Roger's invention, the fretting system was featured in several ads.
Below, two of my three little 'uns backed by a shipment of sustainable yield lumber from Peru, known as the Palcazu Project. (Oldest son - not shown - born within month of starting The Luthiers Mercantile.) All documented in trip by John Curtis and Scott Landis (The Workbench Book, The Workshop Book). Also written up in the Guild of American Lutherie's quarterly.
The Luthiers Mercantile crew in 1985. In back Brazilian rosewood awaits resawing into sets. Left to right, Pat Raftery, John Curtis (partner at the time), Scott Bowman, Alexandra Alnikas, Allen Nishikawa, Tom Peterson (original partner), me (Todd Taggart), Frank Fuller (longest running employee; we still work together), Alex Martinez, and "Smitty" Smith.
1985, We buy the inventory or Hart Huttig's Allied Traders of Miami. The same year, we take over David Russell Young's business of making carbon fiber rods, as David goes into bow making. John, above photo, made the special saw we used for cutting graphite rods.
their daughter in California they often made the trip up from the Bay Area to spend the day with us at The Luthier's Mercantile. He had many great guitar stories, and entertained many a guitarmaker and player at his Castaways hideout on his property in South Miami, including Robert Ruck and Carlos Barbosa-Lima.
Photo at right, Rose Huttig, the Huttig's daughter, and Hart. Hart was a tireless guitar aficionado. His guitar supply company was more of avocation for Hart. As an employee of Pan Am Airlines (I think it was Pan Am) he traveled the world, and always found a way to visit the local guitarmaker(s). When the Huttigs visited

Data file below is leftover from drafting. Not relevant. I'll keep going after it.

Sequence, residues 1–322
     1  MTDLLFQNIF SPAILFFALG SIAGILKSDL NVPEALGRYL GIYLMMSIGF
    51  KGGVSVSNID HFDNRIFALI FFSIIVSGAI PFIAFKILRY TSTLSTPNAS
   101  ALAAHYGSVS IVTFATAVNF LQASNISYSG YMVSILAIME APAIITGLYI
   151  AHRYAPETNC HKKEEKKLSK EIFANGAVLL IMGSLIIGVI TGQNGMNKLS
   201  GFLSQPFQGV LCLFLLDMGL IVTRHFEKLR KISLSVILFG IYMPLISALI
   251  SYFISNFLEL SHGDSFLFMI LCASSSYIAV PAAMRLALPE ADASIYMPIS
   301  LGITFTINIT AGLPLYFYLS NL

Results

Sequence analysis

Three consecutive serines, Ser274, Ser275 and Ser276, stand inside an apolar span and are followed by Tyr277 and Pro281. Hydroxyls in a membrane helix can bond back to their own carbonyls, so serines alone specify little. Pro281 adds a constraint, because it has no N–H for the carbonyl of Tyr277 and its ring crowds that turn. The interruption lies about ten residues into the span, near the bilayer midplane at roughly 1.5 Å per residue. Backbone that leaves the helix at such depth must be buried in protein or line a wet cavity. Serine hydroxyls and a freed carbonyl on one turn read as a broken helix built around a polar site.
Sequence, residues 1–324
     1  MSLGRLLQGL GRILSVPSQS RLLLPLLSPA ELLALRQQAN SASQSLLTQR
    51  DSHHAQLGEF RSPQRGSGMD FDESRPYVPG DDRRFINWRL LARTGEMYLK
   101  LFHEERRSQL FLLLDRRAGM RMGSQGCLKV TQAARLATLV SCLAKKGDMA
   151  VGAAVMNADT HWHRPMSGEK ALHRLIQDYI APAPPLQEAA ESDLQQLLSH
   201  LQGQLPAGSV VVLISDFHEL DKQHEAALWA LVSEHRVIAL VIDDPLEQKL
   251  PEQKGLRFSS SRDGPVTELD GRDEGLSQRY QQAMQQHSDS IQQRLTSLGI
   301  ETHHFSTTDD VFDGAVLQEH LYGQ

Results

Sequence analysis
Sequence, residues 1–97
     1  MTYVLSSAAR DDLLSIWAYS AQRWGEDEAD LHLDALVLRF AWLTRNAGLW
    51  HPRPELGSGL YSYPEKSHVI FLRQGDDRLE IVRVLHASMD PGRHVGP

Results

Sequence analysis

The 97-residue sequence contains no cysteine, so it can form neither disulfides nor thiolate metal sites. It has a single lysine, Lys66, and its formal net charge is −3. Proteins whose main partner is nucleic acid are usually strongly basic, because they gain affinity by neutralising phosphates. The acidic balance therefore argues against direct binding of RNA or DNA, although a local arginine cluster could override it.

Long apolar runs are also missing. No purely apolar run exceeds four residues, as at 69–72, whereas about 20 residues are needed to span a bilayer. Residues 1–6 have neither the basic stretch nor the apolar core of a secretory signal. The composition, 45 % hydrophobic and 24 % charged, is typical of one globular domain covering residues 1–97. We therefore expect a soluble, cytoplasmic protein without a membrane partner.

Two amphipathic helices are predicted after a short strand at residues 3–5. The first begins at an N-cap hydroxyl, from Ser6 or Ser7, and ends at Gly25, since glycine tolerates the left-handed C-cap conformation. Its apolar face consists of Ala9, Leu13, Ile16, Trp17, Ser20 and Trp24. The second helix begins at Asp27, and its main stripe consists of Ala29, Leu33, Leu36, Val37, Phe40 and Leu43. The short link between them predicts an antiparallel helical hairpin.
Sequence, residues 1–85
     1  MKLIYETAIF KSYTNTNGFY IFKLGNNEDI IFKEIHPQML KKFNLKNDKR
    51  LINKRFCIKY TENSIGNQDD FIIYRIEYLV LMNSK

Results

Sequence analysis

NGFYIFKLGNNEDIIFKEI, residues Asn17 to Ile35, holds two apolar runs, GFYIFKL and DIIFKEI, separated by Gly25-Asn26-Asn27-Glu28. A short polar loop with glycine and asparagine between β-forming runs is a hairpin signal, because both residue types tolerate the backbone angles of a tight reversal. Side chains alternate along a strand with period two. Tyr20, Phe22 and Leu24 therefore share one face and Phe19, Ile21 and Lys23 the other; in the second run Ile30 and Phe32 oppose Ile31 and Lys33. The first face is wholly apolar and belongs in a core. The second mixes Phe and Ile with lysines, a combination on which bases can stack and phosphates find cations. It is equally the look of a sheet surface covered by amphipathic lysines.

1986, Tom Ribbecke starts working at The Luthier's Mercantile, back in the business after a few years break to recover from excessive exposure to lacquer and other finish solvents. We revert to our old operating adage: Tom and Todd wait for no man.
Left, on this later price list, Tom Ribbecke stands proud next to a shipment of Indian rosewood that had just arrived.
Tom's in charge of product development and begins to build at the shop. He also teaches building courses.
1994, July, The owners of Theodor Nagel GmbH of Hamburg, Germany buy the assets of The Luthiers Mercantile and changed the company name to Luthiers Mercantile International. One might note that technically Theodore Nagel did not buy The Luthiers Mercantile, but the owners of Theodor Nagel did. I clarify this because during and for a period after negotiation stages the new owners did not want their involvement known. I stayed on as president until February of 2000. Both John Curtis and Tom Ribbecke went on to pursue other things, namely Tom builds great guitars, and John continues consulting and working on projects similar to the Palcazu Project.
1996 Healdsburg Guitar Festival . In late 1995, Tim Olsen of the Guild of American Luthiers and I talk about having a regional festival here in Healdsburg. I like the idea, and talk to Tom Ribbecke, and Charles Fox about it. They like it too. We talk to David Lusterman, publisher of Acoustic Guitar Magazine. He likes the idea, too. The Healdsburg Guitar Festival is born.
Below, at first festival, from left, Richard Prenkert , me, Mary, my child bride, and Sharon Isbin.